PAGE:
Guatemala during Lockdown: “We Were Not Alone”
Photo above: Vivi Luis and Maritza Orozco, 2018 ©ATD Fourth World
In July 2020, like many countries, Guatemala was in lockdown. ATD Activist Vivi Luis and her mother organized neighbors to help each other out. Concerned for people who had lost their income or lived alone, they worked hard to make sure no one was forgotten. “When all this is over,” Vivi says, “people will be able to say, ‘We were not alone.’”
When lockdown started, the first thing I thought about was what’s going to happen to so many people I know. My mum and I were concerned about the women who make crafts with the Working and Learning Together (WLT) project.* What would happen to them, especially the women whose lives were the hardest? We knew that we had to keep giving them their salary. Others, we thought, could probably get help through family members.
Thinking about all this, I started visiting the women in WLT to give them their salary. When I got home, I told my mother all about what happened. At about 11 p.m. that night, she suddenly got up. “Vivi, I’m thinking about [a family],” she said worriedly. I told her I was just thinking about some other people too.
- “What about that artisan who works in the market? It’s closed now. How is she getting by? Her mother sells things in front of the school, but now that’s closed too. Maybe her sisters? But they’re all married. They’ve got their own families to take care of.”
Having my mum by my side is key for me. She’s always pushing me and encouraging me, giving me advice too. She’s very wise and that night she was right. Many families didn’t have support from anyone. I was left wondering what I could do.
There were the women from WLT, but I knew many other families who were about to experience some very hard times. I was especially worried about all the people who can barely earn enough to survive from one day to the next. Now they couldn’t go out at all to earn money.
We have to stick together
My brother suggested that we think about which friends could help us make bags of food for people. “We’re not going to just hand out money,” he said. “It’s about family and friends helping each other out.” We all wanted to get involved so my brothers made a list of everyone we knew who might be able to contribute something.
The ATD team at the Fourth World House was also thinking about how to support people. And ATD friends and allies were expressing concern about families we all knew and how they were coping. By that time, we had already been in lock down for 15 days.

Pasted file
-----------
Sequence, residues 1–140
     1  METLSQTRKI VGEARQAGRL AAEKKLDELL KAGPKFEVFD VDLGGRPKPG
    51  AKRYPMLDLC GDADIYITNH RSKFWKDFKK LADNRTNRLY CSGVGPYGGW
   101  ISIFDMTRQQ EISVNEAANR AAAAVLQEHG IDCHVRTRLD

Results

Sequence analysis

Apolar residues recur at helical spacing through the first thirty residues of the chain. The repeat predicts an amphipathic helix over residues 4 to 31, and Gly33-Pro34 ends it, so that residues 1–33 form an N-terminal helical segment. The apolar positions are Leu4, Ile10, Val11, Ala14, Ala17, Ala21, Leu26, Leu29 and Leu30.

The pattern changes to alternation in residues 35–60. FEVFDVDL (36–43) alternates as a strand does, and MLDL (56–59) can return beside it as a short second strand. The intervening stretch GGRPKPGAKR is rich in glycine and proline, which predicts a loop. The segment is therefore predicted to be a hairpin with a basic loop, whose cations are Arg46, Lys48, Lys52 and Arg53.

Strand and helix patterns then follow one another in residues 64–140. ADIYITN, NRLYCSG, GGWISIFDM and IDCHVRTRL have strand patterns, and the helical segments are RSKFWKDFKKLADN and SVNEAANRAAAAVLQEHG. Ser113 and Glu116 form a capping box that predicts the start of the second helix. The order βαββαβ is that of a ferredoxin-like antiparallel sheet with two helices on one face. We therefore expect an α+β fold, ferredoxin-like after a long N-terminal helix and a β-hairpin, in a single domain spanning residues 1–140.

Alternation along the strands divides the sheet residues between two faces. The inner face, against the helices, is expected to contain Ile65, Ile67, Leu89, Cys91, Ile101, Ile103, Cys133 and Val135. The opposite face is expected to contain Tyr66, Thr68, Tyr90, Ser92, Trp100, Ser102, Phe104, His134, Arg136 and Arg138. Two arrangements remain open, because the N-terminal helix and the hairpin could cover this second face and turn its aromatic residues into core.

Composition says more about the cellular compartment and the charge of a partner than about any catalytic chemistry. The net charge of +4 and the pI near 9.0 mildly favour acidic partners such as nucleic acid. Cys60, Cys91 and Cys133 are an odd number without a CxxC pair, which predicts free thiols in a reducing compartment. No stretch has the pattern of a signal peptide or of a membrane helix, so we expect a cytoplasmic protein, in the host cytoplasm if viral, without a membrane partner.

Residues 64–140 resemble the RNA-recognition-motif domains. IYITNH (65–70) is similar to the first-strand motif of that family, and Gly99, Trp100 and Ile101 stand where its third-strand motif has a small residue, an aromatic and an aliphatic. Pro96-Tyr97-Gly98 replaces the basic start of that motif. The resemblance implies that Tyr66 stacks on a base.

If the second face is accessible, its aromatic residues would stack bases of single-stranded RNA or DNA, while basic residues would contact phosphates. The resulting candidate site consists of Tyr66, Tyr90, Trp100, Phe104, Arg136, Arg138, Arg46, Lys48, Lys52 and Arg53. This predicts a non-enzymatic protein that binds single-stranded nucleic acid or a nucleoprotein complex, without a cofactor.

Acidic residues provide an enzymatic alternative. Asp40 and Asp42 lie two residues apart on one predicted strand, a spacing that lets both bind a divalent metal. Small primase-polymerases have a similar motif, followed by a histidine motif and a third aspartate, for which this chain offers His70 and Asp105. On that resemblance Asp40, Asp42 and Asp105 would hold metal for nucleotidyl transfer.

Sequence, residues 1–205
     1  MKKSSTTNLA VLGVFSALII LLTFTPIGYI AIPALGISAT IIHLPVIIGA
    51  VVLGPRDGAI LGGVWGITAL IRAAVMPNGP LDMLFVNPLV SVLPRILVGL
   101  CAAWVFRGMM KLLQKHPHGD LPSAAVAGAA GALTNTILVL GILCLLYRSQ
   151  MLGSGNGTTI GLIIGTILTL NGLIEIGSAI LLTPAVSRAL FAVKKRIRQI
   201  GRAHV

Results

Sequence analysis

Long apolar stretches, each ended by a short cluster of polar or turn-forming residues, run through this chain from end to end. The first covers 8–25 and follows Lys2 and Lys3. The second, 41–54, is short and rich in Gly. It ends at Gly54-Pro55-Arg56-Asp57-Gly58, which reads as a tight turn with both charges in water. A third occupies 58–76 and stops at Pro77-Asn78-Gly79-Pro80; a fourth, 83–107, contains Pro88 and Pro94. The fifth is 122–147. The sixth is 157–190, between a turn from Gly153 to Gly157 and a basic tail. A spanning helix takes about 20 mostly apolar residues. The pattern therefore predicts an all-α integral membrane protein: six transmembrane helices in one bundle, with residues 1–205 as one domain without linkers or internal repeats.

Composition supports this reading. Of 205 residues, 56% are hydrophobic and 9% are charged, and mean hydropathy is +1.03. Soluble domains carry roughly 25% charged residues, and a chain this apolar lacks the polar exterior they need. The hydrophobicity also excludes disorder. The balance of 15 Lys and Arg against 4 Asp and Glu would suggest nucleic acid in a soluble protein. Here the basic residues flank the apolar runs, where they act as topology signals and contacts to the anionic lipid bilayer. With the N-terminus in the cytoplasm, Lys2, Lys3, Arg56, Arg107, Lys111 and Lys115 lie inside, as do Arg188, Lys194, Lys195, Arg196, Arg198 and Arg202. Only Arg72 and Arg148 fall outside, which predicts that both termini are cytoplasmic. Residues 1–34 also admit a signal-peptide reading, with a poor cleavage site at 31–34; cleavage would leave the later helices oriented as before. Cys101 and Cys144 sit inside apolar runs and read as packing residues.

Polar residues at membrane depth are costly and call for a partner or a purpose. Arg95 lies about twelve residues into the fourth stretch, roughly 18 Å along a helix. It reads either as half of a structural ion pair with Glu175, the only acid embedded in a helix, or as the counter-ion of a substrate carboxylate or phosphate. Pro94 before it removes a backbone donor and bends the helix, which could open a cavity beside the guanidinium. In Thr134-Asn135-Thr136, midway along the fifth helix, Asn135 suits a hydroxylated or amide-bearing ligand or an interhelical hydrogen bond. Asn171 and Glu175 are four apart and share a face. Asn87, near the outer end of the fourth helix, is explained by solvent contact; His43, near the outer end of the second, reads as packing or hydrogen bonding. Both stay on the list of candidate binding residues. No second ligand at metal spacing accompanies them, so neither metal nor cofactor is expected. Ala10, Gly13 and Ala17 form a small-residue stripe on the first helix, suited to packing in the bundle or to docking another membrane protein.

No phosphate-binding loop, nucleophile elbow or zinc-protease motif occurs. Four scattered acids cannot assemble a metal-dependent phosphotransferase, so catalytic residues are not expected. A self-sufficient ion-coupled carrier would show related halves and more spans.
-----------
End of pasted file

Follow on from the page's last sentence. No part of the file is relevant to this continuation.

We joined forces because we were all asking ourselves the same questions. I think everyone really cares about each other, but sometimes we just need a little push. Very quickly people started telling us, “I can help out. Where should I send some money?”
Mrs. Tania: taking a risk to check on neighbors
For me, Mrs. Tania is very important. She’s always thinking about her neighbors and her family. She’s the one who tells me what’s going on with people who live in our building. “At times like this,” she said to me, “we are all in need.” Since I couldn’t visit everyone, I relied on Mrs. Tania for news about how different neighbors were doing.
Our building has two levels. Mrs. Tania takes care of the families on the upper level. I have my eye on everyone on the ground floor. She and I live on the same floor, so I can risk going to see her. I wanted to get her point of view on everything. Of course, I also wanted to know how she was doing. Was she getting worn out?
Ms. Wanda: more than just money
Ms. Wanda is someone who really suffers. Sometimes she doesn’t even have the strength to get out of bed. Living in deep poverty, she and her family are very isolated. So you really have to be with her, talk to her, and give a lot of encouragement.
Many people single out Ms. Wanda and her family because of their extreme poverty. They say the family’s house is full of junk. It’s true they collect cans and all kind of things to recycle. That’s why they have bins full of trash outside their house. So people are always yelling at them because they block the road. Sometimes they burn things and this makes a lot of smoke. But that’s how they manage to get by.
Ms. Wanda is part of WLT though. We couldn’t leave her all alone for two weeks. Even if she received her salary, that’s not all she needed. We knew she’d need someone to talk to and that would help her a lot.